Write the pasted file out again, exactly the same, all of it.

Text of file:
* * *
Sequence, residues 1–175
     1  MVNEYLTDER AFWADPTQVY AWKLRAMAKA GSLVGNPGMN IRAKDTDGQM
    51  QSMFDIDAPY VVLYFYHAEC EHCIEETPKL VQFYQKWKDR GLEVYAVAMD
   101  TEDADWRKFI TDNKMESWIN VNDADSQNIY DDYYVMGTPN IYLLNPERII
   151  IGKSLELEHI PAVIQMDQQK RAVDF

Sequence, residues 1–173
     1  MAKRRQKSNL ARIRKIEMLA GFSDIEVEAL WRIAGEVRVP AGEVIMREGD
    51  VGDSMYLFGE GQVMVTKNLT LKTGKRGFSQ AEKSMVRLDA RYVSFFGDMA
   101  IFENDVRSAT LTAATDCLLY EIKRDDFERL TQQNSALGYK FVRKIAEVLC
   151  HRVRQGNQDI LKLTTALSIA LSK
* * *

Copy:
Sequence, residues 1–175
     1  MVNEYLTDER AFWADPTQVY AWKLRAMAKA GSLVGNPGMN IRAKDTDGQM
    51  QSMFDIDAPY VVLYFYHAEC EHCIEETPKL VQFYQKWKDR GLEVYAVAMD
   101  TEDADWRKFI TDNKMESWIN VNDADSQNIY DDYYVMGTPN IYLLNPERII
   151  IGKSLELEHI PAVIQMDQQK RAVDF

Sequence, residues 1–173
     1  MAKRRQKSNL ARIRKIEMLA GFSDIEVEAL WRIAGEVRVP AGEVIMREGD
    51  VGDSMYLFGE GQVMVTKNLT LKTGKRGFSQ AEKSMVRLDA RYVSFFGDMA
   101  IFENDVRSAT LTAATDCLLY EIKRDDFERL TQQNSALGYK FVRKIAEVLC
   151  HRVRQGNQDI LKLTTALSIA LSK